Chevy Trax, Jeep Renegade. Honda HR-V. Mazda CX-3. Nissan Juke. Fiat 500X. There’s little doubt that the B-segment crossover is about to explode in North America. So, where is Ford in all of this?
Nikon cameras, condoms and the Mitsubishi Mirage are the only three products that come to mind when I think of “Made in Thailand”, but starting in 2017, we’ll have another to add to that list: the Ford Fiesta.
That soon-to-be-launched Nissan truck we showed you a few days ago? Apparently, this isn’t it.
Sources close to Toyota say the engine plant in Altona, Australia will likely be relocated to Siam Toyota Manufacturing in Thailand once the automaker ceases Australian manufacturing operations in 2017.
Holden and HSV try their hand at the “Imported From Detroit” style car commercial. As someone who has always been partial to Aussie muscle sedans, it’s easy for me to say I’m a fan. No doubt the line about cars becoming “smaller, quieter and more vanilla” will resonate with many of us. In a country where the Mazda3 and Toyota Corolla have knocked the Commodore and Ford Falcon off the top perches of the sales leader boards, it carries extra significance.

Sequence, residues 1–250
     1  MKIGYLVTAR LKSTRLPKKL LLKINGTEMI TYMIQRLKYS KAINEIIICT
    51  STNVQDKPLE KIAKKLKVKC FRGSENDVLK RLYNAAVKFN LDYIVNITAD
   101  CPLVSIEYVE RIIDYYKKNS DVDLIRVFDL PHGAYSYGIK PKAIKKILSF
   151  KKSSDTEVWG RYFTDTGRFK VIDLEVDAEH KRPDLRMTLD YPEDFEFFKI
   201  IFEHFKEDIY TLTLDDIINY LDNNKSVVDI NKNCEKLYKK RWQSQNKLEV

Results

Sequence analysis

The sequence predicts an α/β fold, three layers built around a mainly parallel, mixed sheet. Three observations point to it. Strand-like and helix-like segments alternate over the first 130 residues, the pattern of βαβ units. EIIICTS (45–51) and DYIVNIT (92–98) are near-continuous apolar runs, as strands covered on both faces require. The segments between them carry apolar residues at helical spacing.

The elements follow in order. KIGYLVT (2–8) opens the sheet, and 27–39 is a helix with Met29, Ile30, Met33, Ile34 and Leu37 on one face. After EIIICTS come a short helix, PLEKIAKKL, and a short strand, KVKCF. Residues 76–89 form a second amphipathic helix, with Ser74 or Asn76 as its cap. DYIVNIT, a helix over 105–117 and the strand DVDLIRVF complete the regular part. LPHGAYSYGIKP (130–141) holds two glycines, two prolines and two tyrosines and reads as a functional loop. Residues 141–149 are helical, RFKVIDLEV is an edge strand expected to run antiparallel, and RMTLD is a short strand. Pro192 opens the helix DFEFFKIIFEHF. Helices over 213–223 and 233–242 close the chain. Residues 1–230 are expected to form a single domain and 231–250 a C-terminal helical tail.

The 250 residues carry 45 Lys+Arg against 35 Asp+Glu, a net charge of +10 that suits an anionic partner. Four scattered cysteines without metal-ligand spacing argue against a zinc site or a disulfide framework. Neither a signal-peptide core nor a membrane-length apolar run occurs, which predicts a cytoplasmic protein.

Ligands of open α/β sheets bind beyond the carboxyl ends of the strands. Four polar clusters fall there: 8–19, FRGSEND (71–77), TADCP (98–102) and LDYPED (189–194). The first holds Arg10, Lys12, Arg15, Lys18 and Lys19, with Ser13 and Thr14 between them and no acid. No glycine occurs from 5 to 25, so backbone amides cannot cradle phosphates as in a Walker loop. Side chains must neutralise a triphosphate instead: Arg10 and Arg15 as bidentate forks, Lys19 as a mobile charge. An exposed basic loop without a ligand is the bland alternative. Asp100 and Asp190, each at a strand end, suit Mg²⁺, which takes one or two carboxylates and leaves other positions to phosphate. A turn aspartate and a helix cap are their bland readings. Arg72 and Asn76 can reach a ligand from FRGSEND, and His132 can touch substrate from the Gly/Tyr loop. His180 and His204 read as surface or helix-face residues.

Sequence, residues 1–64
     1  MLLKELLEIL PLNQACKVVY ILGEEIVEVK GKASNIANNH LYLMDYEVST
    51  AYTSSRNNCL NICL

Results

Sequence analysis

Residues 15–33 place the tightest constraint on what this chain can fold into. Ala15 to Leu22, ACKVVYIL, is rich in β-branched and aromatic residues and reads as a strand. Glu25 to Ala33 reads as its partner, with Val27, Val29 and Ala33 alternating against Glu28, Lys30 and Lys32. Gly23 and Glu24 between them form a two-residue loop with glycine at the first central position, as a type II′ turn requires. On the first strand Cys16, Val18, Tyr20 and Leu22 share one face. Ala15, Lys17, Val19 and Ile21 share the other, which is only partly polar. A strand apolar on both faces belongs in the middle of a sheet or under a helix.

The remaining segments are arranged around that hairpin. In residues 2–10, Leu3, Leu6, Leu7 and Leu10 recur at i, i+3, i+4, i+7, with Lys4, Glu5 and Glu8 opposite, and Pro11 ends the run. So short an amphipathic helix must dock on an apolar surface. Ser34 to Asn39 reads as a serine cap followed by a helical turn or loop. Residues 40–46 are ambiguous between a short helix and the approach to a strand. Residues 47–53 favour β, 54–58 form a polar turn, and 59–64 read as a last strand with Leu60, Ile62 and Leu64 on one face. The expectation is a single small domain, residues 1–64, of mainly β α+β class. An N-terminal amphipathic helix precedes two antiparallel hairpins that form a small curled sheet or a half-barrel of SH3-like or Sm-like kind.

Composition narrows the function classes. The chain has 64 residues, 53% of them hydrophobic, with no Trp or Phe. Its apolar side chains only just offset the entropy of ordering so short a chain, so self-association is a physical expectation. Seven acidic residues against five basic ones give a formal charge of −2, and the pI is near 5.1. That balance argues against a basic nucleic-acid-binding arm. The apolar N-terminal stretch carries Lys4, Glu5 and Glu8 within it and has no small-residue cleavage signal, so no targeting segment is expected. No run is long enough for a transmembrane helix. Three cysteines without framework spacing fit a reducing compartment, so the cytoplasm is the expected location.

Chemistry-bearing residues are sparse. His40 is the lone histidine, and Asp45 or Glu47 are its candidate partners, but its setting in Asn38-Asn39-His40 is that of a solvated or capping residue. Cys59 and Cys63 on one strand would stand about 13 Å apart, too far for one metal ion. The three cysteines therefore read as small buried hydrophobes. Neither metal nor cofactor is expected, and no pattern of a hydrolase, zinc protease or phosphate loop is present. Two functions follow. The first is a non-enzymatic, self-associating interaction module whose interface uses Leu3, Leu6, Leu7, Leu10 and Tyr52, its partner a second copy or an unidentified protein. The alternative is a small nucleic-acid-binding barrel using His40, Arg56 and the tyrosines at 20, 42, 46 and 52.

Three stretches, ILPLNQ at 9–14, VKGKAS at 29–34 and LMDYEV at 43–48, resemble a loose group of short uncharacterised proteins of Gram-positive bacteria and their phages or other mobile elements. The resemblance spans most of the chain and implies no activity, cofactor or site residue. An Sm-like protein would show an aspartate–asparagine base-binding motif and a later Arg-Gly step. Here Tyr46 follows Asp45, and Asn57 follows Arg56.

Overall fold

Mitsubishi has taken the wraps of the sedan version of the new Mirage, dubbed the Attrage. Just-Auto reports that the Thai-based sedan will launch in July, and will be exported shortly thereafter. Powertrains will carry over from the Mirage, but hopefully the name will change when it comes to our shores.
The Ford Fiesta looks to be picking up and moving from its current assembly locations in India and Mexico to a central location in Thailand when the next generation rolls around in 2016.
Thailand will be the recipient of a $358 million dollar Nissan plant, with a maximum capacity of 150,000 cars, with half of those set for export.
Mitsubishi, pretty much given up for dead in the U.S. and Europe, thrives in an easily overlooked part of the world: South-East Asia. Mitsubishi has three assembly plants in Thailand, and will spend around $150 million to increase output. (Read More…)
All the complaints about Japan being a “closed market” are hogwash; look at all the imports coming in to Japan from places like Thailand, Malaysia and China.